Here, there was ample evidence corroborating Cronan's testimony that Richard participated in the manufacture of methamphetamine. Physical evidence found at the motel the next morning confirmed Cronan's testimony about the preparatory work done there. Lackey testified that Richard, John and Cronan left the motel, taking her pickup truck, which was found at the crime scene and contained items used to manufacture methamphetamine. It is uncontroverted that Richard left his vehicle at the motel and his keys with Lackey, as did John, which is consistent with both Cronan and Lackey's testimony that Richard went with John and Cronan that night. "Presence, companionship, and conduct before and after the offense are circumstances from which one's participation in the criminal [enterprise] may be inferred." William, Jeff and Kelli Thornton all testified that they saw three men take part in "cooking" the methamphetamine on their property. And Kelli Thornton identified one of those men as Richard.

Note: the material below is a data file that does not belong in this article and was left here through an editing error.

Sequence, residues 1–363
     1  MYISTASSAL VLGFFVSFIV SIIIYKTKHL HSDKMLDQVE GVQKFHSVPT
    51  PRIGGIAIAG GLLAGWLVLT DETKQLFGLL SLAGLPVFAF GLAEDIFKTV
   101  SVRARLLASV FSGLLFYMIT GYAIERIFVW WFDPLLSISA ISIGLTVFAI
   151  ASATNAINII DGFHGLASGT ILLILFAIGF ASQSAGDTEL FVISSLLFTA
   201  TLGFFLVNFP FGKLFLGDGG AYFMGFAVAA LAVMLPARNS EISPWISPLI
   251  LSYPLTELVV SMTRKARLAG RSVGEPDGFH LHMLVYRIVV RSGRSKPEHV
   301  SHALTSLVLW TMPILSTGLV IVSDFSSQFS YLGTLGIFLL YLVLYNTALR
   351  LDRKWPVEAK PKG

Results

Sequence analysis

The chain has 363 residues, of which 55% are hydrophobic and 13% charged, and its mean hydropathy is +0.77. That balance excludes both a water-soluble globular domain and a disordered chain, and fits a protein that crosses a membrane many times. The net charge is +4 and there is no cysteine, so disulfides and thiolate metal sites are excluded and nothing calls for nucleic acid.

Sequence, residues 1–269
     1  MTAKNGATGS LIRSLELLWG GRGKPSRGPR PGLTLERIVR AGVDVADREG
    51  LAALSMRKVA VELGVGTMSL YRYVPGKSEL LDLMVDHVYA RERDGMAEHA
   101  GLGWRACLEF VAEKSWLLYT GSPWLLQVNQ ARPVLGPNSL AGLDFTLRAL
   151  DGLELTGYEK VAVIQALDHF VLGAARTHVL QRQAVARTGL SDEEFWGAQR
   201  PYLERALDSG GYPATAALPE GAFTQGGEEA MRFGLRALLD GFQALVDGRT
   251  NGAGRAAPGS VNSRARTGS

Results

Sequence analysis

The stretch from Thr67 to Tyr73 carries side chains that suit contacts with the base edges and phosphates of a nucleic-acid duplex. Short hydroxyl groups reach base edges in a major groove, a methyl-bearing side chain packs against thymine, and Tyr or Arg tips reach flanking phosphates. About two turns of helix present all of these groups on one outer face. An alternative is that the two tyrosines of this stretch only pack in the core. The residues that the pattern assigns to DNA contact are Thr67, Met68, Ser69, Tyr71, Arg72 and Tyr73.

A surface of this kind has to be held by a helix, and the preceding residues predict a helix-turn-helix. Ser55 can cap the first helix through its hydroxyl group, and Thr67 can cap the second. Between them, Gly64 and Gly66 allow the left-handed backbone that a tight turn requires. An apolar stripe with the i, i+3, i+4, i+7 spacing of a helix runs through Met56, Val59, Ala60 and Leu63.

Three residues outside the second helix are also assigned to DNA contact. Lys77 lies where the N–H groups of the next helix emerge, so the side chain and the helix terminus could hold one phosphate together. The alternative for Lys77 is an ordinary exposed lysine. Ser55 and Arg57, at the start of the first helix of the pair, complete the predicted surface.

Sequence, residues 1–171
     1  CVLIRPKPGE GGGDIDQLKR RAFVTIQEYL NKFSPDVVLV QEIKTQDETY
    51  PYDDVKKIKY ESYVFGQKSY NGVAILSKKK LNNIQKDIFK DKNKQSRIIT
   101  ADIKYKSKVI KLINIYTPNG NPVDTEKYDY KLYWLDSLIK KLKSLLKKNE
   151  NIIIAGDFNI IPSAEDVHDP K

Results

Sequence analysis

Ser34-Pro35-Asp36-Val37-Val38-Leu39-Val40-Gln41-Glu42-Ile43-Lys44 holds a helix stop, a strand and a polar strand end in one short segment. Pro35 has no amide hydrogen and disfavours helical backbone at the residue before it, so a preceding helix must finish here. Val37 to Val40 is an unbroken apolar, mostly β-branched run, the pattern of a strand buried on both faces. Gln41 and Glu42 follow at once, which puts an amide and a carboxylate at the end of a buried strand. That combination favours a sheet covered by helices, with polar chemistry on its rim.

Although Richard challenges Kelli Thornton's identification of him, this argument "go[es] to the weight and credit to be given the evidence by the trier of fact and not to the sufficiency of the evidence. Whether the witness is credible and whether her [testimony] should be accepted are questions for the jury." It is not the role of the appellate court to evaluate witness credibility. Under the circumstances, the evidence was sufficient to sustain the jury's verdict.
8. Next, Richard objects to the failure to grant a mistrial after a question by John's trial counsel impermissibly prejudiced Richard by placing him at or near the crime scene in the minds of the jury. According to Deputy Higgins, when he first encountered John, John stated that "he had gotten into a fight with his brother over at a friend's house and . . . had run away from over there."